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Old 01-26-2008, 03:48 PM   #1 (permalink)
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convert gas engine to run on ethanol

I was curious if it would be possible or practical to convert a car designed to run on gasoline to run on E85. From what I understand, the main problem with running E85 in a car not designed for it is that the ethanol is corrosive. After a while it would eat up the fuel lines and pump. So those would need to be stronger, but what else? Would this require a stronger fuel tank and injectors. Perhaps even something internal to the engine?


Also, where I live (kansas city) E85 is about 50 cents more than regular unleaded. In another city (columbia, MO if you must know) I've seen it at 50 cents less than regular. What's the deal with that.

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Old 01-26-2008, 04:57 PM   #2 (permalink)
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E85 runs at an octane of 100-105 generally. Your car needs to be modified for a higher compression ratio to suck every bit of energy out of the E85. If you leave it at a normal compression ratio you will be losing some efficiency. Flex fuel vehicles are designed at the lower compression ratios for gasoline so they do not run E85 under ideal situations.

Someone else can probably give more practical details on modifications required, but one of the problems is E85 is acidic and electrically conductive. This means you need to remove any bare aluminum, magnesium, and rubber. This means you need to put in stainless steels tanks and fuel lines, sometimes lined with plastic. Also some motor oils are slightly base to eliminate the acidity of E85 and reduce wear and corrosion.
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Old 01-26-2008, 05:04 PM   #3 (permalink)
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A new gas station opened up just a few months ago a few miles from my house.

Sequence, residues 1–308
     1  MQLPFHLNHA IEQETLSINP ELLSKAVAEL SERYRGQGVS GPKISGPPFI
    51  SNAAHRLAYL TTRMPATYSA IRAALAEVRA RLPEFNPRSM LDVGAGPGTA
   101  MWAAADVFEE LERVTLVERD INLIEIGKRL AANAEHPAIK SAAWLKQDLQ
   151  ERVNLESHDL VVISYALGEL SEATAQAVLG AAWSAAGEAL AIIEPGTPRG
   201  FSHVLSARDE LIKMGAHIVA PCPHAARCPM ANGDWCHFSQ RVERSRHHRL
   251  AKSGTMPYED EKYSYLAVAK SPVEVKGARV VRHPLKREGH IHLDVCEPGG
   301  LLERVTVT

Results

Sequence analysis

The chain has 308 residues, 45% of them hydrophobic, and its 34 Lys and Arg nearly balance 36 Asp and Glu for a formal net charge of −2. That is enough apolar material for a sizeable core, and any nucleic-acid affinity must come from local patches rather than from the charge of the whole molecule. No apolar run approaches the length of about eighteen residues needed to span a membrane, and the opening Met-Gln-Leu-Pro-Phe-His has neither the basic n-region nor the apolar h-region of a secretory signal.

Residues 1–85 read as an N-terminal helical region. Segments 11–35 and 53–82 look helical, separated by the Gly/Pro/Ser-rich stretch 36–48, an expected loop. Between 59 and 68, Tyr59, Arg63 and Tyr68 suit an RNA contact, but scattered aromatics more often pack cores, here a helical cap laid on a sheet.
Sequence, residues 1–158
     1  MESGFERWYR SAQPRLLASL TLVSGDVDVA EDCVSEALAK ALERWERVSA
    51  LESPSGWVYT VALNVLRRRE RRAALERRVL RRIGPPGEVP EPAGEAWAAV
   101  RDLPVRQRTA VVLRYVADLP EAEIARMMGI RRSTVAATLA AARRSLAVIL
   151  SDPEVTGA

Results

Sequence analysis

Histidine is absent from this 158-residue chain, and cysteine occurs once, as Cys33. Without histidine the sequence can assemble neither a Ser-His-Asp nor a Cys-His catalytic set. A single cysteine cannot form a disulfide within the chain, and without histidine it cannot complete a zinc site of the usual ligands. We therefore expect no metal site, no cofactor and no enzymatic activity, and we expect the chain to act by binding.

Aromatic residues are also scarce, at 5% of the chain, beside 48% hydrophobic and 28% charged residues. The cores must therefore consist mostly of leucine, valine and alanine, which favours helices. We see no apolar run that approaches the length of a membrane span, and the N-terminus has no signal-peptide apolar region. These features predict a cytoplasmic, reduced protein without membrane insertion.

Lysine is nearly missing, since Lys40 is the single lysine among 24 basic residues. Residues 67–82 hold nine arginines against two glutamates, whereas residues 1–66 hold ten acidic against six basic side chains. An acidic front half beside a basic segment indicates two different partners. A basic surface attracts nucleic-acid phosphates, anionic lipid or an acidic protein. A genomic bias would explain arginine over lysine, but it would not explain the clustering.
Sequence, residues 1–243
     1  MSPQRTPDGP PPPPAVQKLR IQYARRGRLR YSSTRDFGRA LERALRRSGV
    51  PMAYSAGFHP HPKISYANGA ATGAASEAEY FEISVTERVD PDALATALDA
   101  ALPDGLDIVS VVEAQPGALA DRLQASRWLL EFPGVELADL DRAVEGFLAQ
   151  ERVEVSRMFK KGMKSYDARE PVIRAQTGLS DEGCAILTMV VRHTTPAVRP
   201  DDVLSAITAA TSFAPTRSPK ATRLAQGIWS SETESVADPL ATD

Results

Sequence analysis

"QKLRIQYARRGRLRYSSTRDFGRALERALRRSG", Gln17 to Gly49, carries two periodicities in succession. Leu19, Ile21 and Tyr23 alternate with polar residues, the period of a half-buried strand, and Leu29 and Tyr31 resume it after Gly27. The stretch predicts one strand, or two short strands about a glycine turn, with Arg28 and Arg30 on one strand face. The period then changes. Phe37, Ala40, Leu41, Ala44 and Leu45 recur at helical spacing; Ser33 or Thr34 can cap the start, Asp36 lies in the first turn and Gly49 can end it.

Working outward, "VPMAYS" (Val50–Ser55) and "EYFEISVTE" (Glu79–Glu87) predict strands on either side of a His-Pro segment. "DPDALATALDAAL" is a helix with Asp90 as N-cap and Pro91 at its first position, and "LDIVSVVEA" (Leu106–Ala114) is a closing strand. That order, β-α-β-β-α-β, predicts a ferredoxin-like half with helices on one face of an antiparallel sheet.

It has the only E85 pump I have ever seen. I looked close at the pump to compare numbers. It costs about 50 cents a gallon less than regular unleaded.

That appears to be mostly because it is taxed very different than the standard fuels - you guessed it, by about 50 cents!

I have also heard that there is less fuel efficiency with E85 than gasoline, so you really aren't saving on cost per mile.

Also, I am in the Midwest, which is the Middle East of Ethanol, cost in other parts of the continent will vary.
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Old 01-26-2008, 06:19 PM   #4 (permalink)
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Quote:
Originally Posted by bennelson View Post
I have also heard that there is less fuel efficiency with E85 than gasoline, so you really aren't saving on cost per mile.
We've done fuel testing on E85 at my university on a combined fuels research engine and this only held true if we kept the compression ratio for gasoline (pretty low). Once we increased compression ratios we immediately saw better efficiencies out of the fuel. We also did some testing with the timing and got some improvements out of tweaking that, moving it slightly further from top dead center.
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Old 01-27-2008, 10:21 PM   #5 (permalink)
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Can you destroy a gasoline _engine_ by running E85 in it? I know it can corrode the fuel lines on older cars (pre-1990), but I've heard someone say it will cause the engine to seize up because of the higher octane.

Ethanol also burns much cooler than Gasoline, so it's better for your engine in the long run.

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Old 01-27-2008, 11:14 PM   #6 (permalink)
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Old 01-28-2008, 12:53 AM   #7 (permalink)
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I played around with varying mixtures of Ethanol and did not take a big hit in FE until I got above E50. Up to that point I was seeing about a 10% decrease in FE. So If E85 is really cheap just blend a mixture until it get to that point where the FE starts dropping beyond your break even point.
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Old 01-28-2008, 01:05 AM   #8 (permalink)
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Lazarus: I have had similar experience with E85; not at all like those who project mpg losses based on BTU calculations. No doubt, they've never even tried it.

I will say, even above "E50" I didn't see more than about a 15% loss. The main caveat I'd throw out there is to expect some cold start and driveability issues if you go above E50 in below zero F weather.

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